As someone all too aware of how scientism can rule out in advance evidence that does not fit with its dogmatic materialistic assumptions about mind and spirit, I may be too prone to accept as valid evidence from other specialisms of this same unscientific tendency. However, the same unscientific tendency was at work in a less contentious area within my own field of expertise when adherents of the dogma of neurorigidity, which contended that the brain could not change after maturity, refused for decades to accept the overwhelming evidence for neuroplasticity, with disastrous consequences for innumerable victims of brain injury. This may be why I read with particular sympathy a recent Guardian article by Ian Leslie on how the strong relation between sugar and health problems, such as obesity, heart disease and diabetes, came to be buried for so long. Whether the article is absolutely right in every detail is beyond me to determine, as diet is not my area of expertise. I am however convinced that it highlights a case that needs to be answered rationally and not adversarially. It also feeds my sense that the toxic aspects of science’s social processes, while they may never be entirely eliminated, need to be more effectively curbed. After all, in this case, knee-jerk orthodoxy would seem to have caused innumerable premature deaths. Below is a short extract: for the full-length and detailed article see link.
In 1972, a British scientist sounded the alarm that sugar – and not fat – was the greatest danger to our health. But his findings were ridiculed and his reputation ruined. How did the world’s top nutrition scientists get it so wrong for so long?
Robert Lustig is a paediatric endocrinologist at the University of California who specialises in the treatment of childhood obesity. A 90-minute talk he gave in 2009, titled Sugar: The Bitter Truth, has now been viewed more than six million times on YouTube. In it, Lustig argues forcefully that fructose, a form of sugar ubiquitous in modern diets, is a “poison” culpable for America’s obesity epidemic.
A year or so before the video was posted, Lustig gave a similar talk to a conference of biochemists in Adelaide, Australia. Afterwards, a scientist in the audience approached him. Surely, the man said, you’ve read Yudkin. Lustig shook his head. John Yudkin, said the scientist, was a British professor of nutrition who had sounded the alarm on sugar back in 1972, in a book called Pure, White, and Deadly.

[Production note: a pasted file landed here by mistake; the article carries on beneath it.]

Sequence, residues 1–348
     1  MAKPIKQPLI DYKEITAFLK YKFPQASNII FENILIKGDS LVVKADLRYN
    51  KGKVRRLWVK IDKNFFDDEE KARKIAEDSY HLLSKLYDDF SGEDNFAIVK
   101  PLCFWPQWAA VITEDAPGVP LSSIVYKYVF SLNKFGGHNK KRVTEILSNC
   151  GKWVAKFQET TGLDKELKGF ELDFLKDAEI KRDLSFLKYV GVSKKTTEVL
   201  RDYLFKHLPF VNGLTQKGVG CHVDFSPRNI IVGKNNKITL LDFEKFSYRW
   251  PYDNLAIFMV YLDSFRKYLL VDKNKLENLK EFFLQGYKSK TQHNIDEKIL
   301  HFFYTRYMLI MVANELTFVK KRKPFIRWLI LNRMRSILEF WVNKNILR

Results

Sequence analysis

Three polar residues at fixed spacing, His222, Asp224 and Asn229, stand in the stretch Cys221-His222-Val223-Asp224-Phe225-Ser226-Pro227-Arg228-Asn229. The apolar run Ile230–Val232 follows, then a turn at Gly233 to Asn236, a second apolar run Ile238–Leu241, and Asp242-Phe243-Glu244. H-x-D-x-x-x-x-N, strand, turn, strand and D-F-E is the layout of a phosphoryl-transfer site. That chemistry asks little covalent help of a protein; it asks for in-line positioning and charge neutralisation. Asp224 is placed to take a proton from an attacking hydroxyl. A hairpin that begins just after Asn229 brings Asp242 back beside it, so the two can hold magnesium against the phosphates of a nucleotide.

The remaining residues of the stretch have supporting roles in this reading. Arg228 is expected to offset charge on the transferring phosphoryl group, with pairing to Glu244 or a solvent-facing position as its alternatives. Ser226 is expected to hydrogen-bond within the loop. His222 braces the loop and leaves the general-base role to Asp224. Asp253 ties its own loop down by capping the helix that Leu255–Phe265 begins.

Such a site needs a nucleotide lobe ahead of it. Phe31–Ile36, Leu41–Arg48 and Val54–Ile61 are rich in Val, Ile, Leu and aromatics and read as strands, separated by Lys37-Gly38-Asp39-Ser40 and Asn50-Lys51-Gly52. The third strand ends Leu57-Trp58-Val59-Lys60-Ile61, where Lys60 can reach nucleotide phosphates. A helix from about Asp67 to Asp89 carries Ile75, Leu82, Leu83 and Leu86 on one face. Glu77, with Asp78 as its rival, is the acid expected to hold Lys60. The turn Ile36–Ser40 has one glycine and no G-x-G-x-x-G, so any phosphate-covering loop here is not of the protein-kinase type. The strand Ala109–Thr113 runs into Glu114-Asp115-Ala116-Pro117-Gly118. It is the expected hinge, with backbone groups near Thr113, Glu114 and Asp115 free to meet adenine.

“If only a small fraction of what we know about the effects of sugar were to be revealed in relation to any other material used as a food additive,” wrote Yudkin, “that material would promptly be banned.” The book did well, but Yudkin paid a high price for it. Prominent nutritionists combined with the food industry to destroy his reputation, and his career never recovered. He died, in 1995, a disappointed, largely forgotten man.
Perhaps the Australian scientist intended a friendly warning. Lustig was certainly putting his academic reputation at risk when he embarked on a high-profile campaign against sugar. But, unlike Yudkin, Lustig is backed by a prevailing wind. We read almost every week of new research into the deleterious effects of sugar on our bodies. In the US, the latest edition of the government’s official dietary guidelines includes a cap on sugar consumption. In the UK, the chancellor George Osborne has announced a new tax on sugary drinks. Sugar has become dietary enemy number one.
This represents a dramatic shift in priority. For at least the last three decades, the dietary arch-villain has been saturated fat. When Yudkin was conducting his research into the effects of sugar, in the 1960s, a new nutritional orthodoxy was in the process of asserting itself. Its central tenet was that a healthy diet is a low-fat diet. Yudkin led a diminishing band of dissenters who believed that sugar, not fat, was the more likely cause of maladies such as obesity, heart disease and diabetes. But by the time he wrote his book, the commanding heights of the field had been seized by proponents of the fat hypothesis. Yudkin found himself fighting a rearguard action, and he was defeated.
Not just defeated, in fact, but buried.